Pasternak requests a judgment dismissing VM’s claims and attorney’s fees, along with other relief as deemed just and proper. Id. at 28.

What is interesting about this particular case is how easily much of this information can be traced. For example, to confirm Pasternak’s allegations that Beverage Group International, LLC was importing Val d’Orbieu or Vignerons de la Méditerranée wines, for which Pasternak was to remain the exclusive importer, we can easily check the TTB public COLA database or even LabelVision. Using either of those sources, we can see that Beverage Group International, LLC filed several wine label applications on and after March 13, 2014 with the TTB using the DBA Val d’Orbieu Americas, USA. This also means that Beverage Group International, LLC needed to amend its TTB-issued federal basic importer’s permit to include the DBA. Generally, this entails filing an amendment with the TTB and, likely, this occurred well before March 13, 2014. Of course, some issues are still outstanding, such as whether the distribution agreement was still in effect, and these are matters that cannot be solved through a public portal.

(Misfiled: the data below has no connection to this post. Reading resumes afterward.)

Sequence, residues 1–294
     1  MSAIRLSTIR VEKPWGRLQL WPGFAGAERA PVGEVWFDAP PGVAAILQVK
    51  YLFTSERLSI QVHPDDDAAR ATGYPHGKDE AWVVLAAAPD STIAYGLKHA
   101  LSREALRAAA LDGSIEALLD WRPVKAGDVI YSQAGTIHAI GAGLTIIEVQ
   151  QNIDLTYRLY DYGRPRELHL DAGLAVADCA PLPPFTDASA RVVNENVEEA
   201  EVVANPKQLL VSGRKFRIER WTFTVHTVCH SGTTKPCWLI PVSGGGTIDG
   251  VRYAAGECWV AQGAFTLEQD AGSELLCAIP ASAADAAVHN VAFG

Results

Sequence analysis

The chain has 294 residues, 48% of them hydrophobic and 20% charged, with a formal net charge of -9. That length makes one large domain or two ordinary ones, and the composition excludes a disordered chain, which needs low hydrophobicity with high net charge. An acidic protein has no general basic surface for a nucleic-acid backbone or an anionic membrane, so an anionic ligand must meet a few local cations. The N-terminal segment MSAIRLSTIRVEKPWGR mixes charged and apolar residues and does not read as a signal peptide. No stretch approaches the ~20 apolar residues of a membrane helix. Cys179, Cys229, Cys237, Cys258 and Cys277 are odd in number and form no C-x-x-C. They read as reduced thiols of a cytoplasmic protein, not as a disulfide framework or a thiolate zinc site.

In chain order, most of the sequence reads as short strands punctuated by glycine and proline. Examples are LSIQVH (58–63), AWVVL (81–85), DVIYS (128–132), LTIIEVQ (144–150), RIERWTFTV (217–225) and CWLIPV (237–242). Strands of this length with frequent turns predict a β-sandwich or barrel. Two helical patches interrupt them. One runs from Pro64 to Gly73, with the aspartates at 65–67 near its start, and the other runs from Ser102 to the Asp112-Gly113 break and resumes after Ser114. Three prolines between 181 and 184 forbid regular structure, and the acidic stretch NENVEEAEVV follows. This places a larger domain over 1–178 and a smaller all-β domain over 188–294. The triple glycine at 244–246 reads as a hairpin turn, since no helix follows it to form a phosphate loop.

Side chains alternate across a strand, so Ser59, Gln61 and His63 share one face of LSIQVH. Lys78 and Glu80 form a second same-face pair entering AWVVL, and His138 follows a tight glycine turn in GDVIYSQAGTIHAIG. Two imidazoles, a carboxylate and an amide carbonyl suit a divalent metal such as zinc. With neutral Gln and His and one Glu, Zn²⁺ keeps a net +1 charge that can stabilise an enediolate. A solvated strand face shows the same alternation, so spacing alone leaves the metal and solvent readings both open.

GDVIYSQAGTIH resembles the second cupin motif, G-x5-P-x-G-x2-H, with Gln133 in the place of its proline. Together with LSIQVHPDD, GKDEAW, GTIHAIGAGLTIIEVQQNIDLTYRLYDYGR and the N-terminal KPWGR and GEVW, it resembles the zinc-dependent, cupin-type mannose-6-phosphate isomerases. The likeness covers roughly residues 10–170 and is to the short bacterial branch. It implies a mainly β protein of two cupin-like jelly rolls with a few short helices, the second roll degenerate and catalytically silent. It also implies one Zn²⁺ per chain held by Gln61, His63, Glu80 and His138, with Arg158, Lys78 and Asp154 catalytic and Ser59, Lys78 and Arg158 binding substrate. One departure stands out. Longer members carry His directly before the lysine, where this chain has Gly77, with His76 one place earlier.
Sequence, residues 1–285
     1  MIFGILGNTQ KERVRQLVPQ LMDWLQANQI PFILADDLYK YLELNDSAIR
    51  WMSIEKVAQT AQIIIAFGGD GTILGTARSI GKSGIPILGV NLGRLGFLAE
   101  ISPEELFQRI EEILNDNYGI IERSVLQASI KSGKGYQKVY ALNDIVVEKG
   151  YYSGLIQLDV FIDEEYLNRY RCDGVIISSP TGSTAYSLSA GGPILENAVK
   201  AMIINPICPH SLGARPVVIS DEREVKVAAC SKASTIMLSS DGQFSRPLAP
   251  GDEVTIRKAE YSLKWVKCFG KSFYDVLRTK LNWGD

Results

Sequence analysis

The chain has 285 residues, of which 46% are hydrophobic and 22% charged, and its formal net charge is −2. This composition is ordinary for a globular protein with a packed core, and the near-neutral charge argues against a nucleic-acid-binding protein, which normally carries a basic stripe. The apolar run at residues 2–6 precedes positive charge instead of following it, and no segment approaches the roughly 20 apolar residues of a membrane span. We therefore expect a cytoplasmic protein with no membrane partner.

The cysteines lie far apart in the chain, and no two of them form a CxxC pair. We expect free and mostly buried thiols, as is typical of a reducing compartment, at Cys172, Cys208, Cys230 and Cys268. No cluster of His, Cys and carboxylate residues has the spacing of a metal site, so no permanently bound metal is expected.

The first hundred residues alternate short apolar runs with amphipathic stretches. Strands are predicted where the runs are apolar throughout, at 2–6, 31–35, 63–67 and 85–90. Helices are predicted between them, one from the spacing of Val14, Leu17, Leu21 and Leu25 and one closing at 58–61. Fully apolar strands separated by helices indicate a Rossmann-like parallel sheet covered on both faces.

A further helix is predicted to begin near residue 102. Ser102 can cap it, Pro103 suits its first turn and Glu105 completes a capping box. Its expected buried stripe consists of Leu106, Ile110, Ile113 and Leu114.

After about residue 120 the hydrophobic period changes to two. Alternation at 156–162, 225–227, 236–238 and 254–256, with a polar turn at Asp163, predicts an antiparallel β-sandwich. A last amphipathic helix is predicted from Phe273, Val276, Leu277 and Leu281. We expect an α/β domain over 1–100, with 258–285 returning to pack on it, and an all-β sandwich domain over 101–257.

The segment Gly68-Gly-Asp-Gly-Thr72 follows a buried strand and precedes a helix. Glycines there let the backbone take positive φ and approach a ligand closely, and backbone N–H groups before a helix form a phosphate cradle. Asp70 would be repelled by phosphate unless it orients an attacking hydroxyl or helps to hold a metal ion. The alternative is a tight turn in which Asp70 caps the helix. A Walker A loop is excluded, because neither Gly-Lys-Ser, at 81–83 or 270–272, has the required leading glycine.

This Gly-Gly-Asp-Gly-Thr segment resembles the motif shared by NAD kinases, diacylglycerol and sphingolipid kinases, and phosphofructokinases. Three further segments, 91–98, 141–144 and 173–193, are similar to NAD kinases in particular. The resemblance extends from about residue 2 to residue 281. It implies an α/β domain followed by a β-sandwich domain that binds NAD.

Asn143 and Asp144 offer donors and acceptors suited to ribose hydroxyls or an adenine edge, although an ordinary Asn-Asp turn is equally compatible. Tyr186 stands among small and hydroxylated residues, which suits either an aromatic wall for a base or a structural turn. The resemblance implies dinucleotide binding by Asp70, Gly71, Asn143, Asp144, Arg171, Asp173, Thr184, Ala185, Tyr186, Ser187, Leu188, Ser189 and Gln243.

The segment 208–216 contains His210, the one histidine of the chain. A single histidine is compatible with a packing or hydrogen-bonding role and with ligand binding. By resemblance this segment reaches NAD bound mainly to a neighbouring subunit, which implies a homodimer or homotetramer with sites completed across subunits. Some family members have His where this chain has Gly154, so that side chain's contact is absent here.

To view a copy of the original complaint, please see Vignerons de la Mediteranee vs. Pasternak and Domaines Barons de Rothschild (Index Number 50102/2015). To view a copy of the answer with counterclaims, see Affirmative Answer, Defense, and Counterclaims.

For more information on wine or alcohol law, direct shipping, licensing, or other legal matters please contact Lindsey Zahn.

Images property of VIBE Conference and Vitisphere, respectively.

DISCLAIMER: This blog post is for general information purposes only, is not intended to constitute legal advice, and no attorney-client relationship results. Please consult your own attorney for legal advice.


Lindsey A. Zahn


Lindsey is the founder and author of On Reserve: A Wine Law Blog. She is an alcohol beverage and food attorney and is admitted to the New York State Bar.